November 26, 2011 § Leave a Comment
We’ve all been there. Standing wearily at the sink, washing our beloved apples, painstakingly removing the ever-persistent fruit labels from them. First, we gently pick at and peel back the label. If we’re lucky, the process ends here. If not, we find ourselves running the apples under increasingly warm water, rubbing off the paper. Then eventually, scraping at the fruit with our fingernails in the effort to remove the sticky glue from the fruit skin, before turning, with a sigh of submission, to the knife or vegetable peeler lying on the kitchen counter.
Now, it seems, Scott Amron, an electrical engineer in training now turned designer and “engineering atelier”, has a solution that not only removes the harmful pesticides and other residues from our apples, but also the pesky fruit labels as well. The solution: Fruitwash labels. These fruit label stickers effectively dissolve into an organic fruit soap when placed under water. With this solution, gone are the chemicals and the tiresome fruit labels.
“I’ve always been discontent with fruit labels and felt they could do more than just display product info and be difficult to peel off,” Amron told Gizmag. “We buy, wash and eat fruit. So, the wash step was the next thing the label should help with.”
Unfortunately, the product is not out yet, although Amron is selling a 10% stake in the fruit label patent as an investment opportunity.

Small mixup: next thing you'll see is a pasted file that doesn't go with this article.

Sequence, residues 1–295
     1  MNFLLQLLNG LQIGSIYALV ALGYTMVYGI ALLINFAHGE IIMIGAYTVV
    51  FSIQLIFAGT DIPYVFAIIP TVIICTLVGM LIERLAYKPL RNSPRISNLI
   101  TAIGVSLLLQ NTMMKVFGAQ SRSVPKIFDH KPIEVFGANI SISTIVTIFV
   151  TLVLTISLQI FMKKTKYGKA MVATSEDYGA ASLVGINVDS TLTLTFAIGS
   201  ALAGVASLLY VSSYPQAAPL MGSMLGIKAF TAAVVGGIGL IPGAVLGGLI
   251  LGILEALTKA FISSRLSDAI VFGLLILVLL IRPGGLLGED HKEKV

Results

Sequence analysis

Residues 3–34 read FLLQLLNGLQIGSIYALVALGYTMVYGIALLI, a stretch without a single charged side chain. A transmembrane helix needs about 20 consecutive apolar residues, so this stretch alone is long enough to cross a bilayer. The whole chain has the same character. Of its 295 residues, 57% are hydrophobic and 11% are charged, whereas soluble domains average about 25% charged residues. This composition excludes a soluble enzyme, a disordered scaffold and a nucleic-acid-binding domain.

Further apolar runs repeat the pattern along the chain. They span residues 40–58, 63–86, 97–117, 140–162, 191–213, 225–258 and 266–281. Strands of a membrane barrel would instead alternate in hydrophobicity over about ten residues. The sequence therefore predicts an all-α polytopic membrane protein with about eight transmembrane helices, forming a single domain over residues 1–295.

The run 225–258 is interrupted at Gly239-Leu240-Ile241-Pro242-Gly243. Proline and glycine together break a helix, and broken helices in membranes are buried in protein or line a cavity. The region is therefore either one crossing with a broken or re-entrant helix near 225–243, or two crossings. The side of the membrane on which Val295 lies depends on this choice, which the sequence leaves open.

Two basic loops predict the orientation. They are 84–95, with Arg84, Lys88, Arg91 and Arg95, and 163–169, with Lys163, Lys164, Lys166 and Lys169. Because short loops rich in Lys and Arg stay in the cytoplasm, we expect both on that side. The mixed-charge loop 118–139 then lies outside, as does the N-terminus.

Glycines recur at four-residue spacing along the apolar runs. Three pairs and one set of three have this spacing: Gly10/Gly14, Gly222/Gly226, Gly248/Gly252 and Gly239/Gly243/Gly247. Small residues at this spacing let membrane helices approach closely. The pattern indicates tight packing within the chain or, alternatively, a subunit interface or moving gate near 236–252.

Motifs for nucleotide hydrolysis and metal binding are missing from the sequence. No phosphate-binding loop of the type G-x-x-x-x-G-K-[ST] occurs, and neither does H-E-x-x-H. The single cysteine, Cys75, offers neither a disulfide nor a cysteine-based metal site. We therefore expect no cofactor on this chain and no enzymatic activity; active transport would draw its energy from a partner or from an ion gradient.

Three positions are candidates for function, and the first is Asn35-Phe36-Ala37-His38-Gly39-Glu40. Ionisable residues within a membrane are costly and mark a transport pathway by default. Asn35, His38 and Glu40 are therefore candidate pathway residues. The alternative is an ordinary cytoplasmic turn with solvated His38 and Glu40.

September 5, 2010 § Leave a Comment
It never fails to inspire me when the seed of one person’s idea takes root and branches out into much more. It’s why I think it’s always so powerful to provide employees and customers the opportunity to provide feedback and suggestions on how to make status quo better in some way. There have been many examples of companies who have successfully tapped into the brain-trust of many to do this: Starbucks, Dell, and now eBay.
eBay recently held its annual Innovation Expo, which encourages all employees to contribute prototypes of ideas they have that they feel would benefit eBay’s buyers and sellers. This year over 250 employees forming almost 80 teams worked together to develop and submit their innovative product prototypes. The submissions were judged by the greater eBay employee base who were invited to show up to listen to the teams pitch their ideas, and to test the prototypes. The winning idea was called “simple green shipping”, and is now soon to be released to the market.
“Simple green shipping” is a specially designed reusable box that can be used by buyers and sellers over and over again. The idea is so simple, and perhaps that’s the beauty of it. With a service that sees many of its users playing the dual role as sellers as well as buyers, reusable packaging is a win-win solution for everyone.
Nicely done, eBay. A solution that helps your user base, reduces waste for the environment, and build employee morale around ideation and innovation.
August 6, 2010 § 2 Comments
Earlier this year, a video feature on Gary Chang’s ingenious convertible home made its way around the around the interwebs.
In another example of a creative solution to a tiny space, JPDA Architects have designed a solution for a 500 squarefoot loft studio that merges both design and utility without sacrificing either. The studio includes innovative ways of working coveted storage space and shelving into the home, and arranging the “rooms” of the loft in a way that maximizes the working and living space.
The space is also featured in Freshome.